Amidst all the seasonal greetings and office secret Santa parties, you might have missed a great piece of investigative journalism from UK newspaper The Guardian… about Malaysia.
Now this isn’t just another tabloid newspaper looking to sell a few copies by writing some super scandalous headline, but rather it’s The Guardian – one of the most trusted and credible news sources in the UK, which kinda makes it a whole lot more serious that they found Malaysian factories exploiting their employees.
And it’s gets slightly worse when you realise that one of the companies in question isn’t some backyard assembly line, but one of Malaysia’s most well known brands – Top Glove.
Top Glove is allegedly exploiting thousands of migrant workers in their factories
Top Glove is the biggest rubber gloves producer not just in Malaysia, but the world too, and are one of the largest employers in the country when you consider that they have a whopping 40 factories. They also hire thousands of migrant workers from Nepal and Bangladesh. Some of them at Top Glove, along with a few from WRP, another rubber glove manufacturer, had been interviewed by investigative journalists from The Guardian.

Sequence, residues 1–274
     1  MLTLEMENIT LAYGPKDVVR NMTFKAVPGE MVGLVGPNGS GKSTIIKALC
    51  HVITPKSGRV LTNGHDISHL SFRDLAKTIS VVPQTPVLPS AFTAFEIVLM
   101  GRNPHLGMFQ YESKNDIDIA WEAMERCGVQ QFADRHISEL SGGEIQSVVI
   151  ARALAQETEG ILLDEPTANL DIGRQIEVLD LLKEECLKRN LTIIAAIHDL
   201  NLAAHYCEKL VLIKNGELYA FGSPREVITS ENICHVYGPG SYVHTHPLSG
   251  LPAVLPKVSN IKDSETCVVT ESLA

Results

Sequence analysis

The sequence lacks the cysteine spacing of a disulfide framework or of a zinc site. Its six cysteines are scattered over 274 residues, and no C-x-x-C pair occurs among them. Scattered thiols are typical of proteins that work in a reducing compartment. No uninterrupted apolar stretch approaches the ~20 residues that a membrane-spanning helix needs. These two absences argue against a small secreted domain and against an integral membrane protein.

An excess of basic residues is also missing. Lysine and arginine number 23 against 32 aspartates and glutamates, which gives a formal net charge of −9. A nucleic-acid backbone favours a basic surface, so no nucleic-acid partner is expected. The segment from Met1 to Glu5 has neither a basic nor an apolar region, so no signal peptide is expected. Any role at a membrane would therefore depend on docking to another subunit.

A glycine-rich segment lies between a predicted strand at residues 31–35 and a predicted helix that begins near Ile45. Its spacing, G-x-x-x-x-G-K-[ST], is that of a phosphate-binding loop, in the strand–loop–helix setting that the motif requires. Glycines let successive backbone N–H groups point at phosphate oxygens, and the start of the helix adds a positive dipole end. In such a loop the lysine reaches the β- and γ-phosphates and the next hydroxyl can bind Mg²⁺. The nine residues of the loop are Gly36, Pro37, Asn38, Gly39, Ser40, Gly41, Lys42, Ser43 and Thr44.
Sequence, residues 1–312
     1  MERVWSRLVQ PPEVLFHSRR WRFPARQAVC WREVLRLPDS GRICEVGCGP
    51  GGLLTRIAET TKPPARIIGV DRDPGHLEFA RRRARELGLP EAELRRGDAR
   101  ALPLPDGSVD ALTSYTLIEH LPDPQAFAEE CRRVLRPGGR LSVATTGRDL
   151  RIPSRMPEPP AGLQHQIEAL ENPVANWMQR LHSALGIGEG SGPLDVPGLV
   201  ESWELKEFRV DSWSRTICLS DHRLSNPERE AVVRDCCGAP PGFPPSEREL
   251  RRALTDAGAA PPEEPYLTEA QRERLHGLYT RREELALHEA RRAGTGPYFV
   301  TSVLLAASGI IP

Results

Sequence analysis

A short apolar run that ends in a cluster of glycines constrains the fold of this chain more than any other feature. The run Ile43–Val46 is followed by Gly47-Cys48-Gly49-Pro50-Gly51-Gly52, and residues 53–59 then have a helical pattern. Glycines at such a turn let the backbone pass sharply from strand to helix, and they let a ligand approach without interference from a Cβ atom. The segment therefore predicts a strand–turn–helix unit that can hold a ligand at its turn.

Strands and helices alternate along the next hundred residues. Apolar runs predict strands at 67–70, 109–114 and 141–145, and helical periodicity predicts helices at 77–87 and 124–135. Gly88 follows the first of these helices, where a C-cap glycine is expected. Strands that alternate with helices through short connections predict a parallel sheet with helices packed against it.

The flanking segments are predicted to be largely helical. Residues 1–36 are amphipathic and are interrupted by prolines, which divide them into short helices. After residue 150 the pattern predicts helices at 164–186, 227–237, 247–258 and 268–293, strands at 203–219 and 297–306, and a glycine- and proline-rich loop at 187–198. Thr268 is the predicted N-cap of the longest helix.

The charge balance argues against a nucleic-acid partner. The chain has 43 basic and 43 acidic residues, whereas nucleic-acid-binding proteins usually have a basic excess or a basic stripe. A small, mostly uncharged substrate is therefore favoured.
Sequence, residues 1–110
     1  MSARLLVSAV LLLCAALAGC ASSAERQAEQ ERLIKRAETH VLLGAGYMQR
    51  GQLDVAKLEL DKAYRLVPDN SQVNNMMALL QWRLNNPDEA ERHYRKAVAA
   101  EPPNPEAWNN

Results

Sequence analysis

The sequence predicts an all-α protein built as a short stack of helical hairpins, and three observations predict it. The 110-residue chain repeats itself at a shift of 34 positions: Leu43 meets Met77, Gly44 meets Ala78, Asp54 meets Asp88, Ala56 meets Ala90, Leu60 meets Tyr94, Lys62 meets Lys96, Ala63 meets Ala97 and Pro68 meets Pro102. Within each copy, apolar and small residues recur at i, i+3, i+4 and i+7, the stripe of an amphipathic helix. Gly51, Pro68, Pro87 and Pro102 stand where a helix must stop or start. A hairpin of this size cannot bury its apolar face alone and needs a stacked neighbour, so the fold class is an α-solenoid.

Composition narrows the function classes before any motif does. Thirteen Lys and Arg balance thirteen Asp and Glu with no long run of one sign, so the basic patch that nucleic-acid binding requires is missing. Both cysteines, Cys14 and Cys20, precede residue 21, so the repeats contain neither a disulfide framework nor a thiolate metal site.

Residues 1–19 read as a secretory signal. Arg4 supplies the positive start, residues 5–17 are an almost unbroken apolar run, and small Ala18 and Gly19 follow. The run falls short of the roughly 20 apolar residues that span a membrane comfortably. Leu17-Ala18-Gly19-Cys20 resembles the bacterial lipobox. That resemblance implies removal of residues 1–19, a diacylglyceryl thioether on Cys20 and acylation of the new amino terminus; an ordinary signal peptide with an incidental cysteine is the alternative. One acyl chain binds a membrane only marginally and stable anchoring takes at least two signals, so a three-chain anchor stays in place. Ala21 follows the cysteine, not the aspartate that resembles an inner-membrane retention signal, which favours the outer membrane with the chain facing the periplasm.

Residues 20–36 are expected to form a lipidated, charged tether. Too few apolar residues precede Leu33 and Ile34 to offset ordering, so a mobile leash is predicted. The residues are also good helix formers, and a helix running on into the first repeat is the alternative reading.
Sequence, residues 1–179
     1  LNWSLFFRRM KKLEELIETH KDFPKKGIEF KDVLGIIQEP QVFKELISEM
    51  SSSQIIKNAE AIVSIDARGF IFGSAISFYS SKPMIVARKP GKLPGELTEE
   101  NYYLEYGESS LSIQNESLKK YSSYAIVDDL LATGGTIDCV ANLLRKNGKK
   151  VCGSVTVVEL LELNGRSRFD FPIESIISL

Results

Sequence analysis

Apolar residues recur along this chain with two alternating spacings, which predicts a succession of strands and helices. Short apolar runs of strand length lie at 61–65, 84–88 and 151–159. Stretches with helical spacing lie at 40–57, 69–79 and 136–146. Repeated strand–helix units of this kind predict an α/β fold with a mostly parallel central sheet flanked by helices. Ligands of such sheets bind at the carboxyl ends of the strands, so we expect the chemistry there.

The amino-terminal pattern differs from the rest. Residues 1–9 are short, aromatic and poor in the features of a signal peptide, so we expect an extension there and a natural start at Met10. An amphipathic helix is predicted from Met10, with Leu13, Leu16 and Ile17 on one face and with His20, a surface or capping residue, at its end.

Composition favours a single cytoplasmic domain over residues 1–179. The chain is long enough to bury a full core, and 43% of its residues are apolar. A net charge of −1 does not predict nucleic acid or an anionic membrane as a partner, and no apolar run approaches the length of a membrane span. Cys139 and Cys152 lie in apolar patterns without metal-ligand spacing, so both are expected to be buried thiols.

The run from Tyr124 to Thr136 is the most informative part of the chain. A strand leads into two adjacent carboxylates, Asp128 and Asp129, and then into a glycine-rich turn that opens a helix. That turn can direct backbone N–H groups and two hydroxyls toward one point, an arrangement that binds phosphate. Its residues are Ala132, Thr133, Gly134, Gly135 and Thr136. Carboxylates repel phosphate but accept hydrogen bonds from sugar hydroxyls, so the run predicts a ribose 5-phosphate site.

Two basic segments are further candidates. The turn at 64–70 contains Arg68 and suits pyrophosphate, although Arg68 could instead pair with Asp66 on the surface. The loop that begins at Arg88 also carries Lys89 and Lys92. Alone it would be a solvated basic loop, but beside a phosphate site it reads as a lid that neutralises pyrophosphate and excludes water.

You can read the entire expose by clicking here, but below is a just a part of what they found:
- Seven days a week of work, 12 hours a day
- 120 to 160 hours of overtime a month, and paid for only 4 of 12 hours of OT on Sundays
- Only one day off a month
- Passports involuntarily held by company
- Unsafe factory conditions at Top Glove, leading to accidents
- Not allowed to leave the WRP factory
- WRP had not paid workers for months
- Factory temperatures reached 70C
“When I wake up every morning I am filled with dread… I don’t know if I can do it any more. But what can we do? Lots of workers have mental breakdowns in the factory and have to pay to go back home. Top Glove factory is mental torture,” – 22-year-old Nepalese Top Glove worker, as quoted by Guardian